Who's To Debate?
The democratic process demands an informed electorate, and this in turn demands opportunities for voters to compare and contrast candidates. Over the years, to their shame, there have been candidates (usually incumbents) who have refused to participate in this process. After all, their thinking must go, why give challengers a chance to knock them down a peg? They already have the advantage of incumbency, after all, so why take a chance?
On Oct. 4, Gov. Bob Ehrlich announced that Friday, Oct. 13 would be the last date for which he would consider debating his opponent, Mayor Martin O'Malley. Further, he turned down all venues suggested by his opponent. Only after the O'Malley campaign made known to the media that Ehrlich had taken this stance did the Ehrlich campaign come up with a debate offer that stayed close to their announced guideline: There will be only one "debate," and it won't even be live. Instead, it will be pre-recorded on Oct. 14 and aired at 7 p.m. on Monday, Oct. 16.
The two candidates have appeared together to debate only twice before, at the AARP Forum and the Maryland Disabilities Candidates Forum. Both of these events were held before the election really heated up. Now that the public's paying more attention, one would think that all candidates would be delighted to put their platforms before the public as often as possible, and before live audiences.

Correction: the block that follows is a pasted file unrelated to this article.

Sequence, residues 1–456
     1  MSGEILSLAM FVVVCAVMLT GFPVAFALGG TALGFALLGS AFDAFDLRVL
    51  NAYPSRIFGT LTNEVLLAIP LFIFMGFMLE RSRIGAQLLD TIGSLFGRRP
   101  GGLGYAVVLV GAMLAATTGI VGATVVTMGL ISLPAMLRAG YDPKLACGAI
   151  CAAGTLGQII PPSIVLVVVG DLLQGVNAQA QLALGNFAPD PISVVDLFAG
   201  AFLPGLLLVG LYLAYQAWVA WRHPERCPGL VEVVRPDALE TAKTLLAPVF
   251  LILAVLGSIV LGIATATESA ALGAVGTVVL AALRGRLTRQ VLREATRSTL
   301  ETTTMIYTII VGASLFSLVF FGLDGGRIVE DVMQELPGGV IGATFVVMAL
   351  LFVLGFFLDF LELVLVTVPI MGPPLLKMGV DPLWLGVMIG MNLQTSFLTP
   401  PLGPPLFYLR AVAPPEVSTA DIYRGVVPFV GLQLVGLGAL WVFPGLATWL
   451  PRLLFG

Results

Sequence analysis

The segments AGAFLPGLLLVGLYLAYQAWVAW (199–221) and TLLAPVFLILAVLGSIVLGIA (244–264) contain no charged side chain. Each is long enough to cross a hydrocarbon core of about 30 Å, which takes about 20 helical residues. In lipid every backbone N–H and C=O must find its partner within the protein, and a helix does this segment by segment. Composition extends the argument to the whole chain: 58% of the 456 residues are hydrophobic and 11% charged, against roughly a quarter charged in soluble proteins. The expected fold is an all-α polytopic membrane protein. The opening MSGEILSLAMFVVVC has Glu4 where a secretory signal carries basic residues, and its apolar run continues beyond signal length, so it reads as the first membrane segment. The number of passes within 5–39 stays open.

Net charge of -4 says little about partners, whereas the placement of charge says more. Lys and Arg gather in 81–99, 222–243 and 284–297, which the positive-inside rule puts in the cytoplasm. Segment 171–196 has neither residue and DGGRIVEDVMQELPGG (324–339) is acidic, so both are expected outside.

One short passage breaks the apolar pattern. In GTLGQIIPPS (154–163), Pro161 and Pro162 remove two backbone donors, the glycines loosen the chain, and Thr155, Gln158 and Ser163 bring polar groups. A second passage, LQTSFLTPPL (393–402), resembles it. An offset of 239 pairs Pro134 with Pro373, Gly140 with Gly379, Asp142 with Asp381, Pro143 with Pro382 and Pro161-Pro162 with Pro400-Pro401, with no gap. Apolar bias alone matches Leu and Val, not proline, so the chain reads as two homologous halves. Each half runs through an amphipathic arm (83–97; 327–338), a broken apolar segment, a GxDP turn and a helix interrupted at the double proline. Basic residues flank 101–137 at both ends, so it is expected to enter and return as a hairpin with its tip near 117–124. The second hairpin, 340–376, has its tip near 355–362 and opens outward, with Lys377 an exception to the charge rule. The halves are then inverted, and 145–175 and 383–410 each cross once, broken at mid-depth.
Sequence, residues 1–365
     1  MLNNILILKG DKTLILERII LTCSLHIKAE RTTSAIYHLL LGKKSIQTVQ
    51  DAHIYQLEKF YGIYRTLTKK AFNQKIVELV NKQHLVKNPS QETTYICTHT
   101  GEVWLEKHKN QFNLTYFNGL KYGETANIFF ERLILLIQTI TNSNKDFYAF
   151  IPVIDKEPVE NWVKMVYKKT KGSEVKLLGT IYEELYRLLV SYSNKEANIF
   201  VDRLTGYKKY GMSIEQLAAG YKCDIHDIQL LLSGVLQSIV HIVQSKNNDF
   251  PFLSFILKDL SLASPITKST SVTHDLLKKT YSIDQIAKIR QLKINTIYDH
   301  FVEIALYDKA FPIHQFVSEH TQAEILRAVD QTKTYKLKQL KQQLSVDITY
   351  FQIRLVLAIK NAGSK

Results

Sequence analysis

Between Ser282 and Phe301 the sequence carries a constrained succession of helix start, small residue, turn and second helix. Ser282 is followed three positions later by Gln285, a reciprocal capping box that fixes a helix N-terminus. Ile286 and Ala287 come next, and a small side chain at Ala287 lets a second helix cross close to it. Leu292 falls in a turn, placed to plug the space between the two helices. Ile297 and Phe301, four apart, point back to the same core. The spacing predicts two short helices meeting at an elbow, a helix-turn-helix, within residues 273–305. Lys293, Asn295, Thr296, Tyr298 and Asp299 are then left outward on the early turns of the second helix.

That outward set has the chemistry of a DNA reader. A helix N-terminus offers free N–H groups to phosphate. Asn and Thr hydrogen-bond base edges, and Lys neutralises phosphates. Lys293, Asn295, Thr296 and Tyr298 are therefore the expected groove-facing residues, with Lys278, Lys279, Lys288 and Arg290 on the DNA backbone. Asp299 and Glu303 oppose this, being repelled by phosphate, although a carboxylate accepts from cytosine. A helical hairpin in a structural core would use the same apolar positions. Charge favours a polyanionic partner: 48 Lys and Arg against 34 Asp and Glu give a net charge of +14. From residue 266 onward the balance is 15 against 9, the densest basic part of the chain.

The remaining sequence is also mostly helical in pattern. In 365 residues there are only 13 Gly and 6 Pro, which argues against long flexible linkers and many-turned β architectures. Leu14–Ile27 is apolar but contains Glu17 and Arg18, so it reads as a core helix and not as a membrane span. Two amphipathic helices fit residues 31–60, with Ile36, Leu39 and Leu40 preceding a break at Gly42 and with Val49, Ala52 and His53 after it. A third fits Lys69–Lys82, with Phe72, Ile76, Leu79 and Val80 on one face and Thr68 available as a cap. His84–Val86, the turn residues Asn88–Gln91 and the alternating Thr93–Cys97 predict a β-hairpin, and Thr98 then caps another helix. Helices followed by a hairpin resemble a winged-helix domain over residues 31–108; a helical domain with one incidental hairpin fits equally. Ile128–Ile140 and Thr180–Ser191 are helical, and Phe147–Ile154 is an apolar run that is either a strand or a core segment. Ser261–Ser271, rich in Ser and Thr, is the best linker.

The O'Malley people have pursured this goal; Ehrlich's have not. During the summer, the O'Malley side proposed to the Ehrlich side that the two candidates take part in five debates (plus two for the Lieutenant Governor candidates, Kristen Cox and Anthony Brown, respectively the running mates of Ehrlich and O'Malley). No written response arrived from Ehrlich's campaign staff, but they did finally get together on September 1 to hammer out an agreement for two TV debates and one debate on the radio. O'Malley's people say they attempted three times over the past five weeks to elicit agreement as to venues, sponsors, and dates for these agreed-upon events, but received no response--until after they went public with their complaint that the Ehrlich people weren't being cooperative.
On Oct. 4, Ehrlich's campaign rejected all proposed debate venues suggested by the O'Malley campaign, including WJZ Channel 13, week of October 16 or after; WMDT 47 in Salisbury, MD, week of October 16 or after; Maryland Public Television, week of October 23; NAACP 2006 Gubernatorial Debate on October 24 at 7 p.m. at Carl Murphy Fine Arts Center, Morgan State University; and WTOP’s “The Politics Program” with Mark Plotkin, week of October 30. The Ehrlich campaign did not accede to a WJZ event until after the O'Malley campaign went public.
No matter what a voter's political party affiliation or political beliefs might be, all should be appalled at the high-handedness of Ehrlich's stance. If Ehrlich's staff didn't like the choices proposed by the O'Malley staff, they should have beeen proposing alteratives and coming to a compromise that can serve the public interest. One pre-recorded encounter airing at 7 p.m. on a Monday night doesn't cut it.
Politics, after all, is all about the art of compromise. At least, that's true in a free and democratic society.
We urge readers of all political persuasions to contact the Ehrlich campaign and ask for more debates: visit his website at bobehrlich.com/.
This editorial was revised on Oct. 5, 2006 to take into account the new information regarding the WJZ broadcast.
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This story was published on October 4, 2006.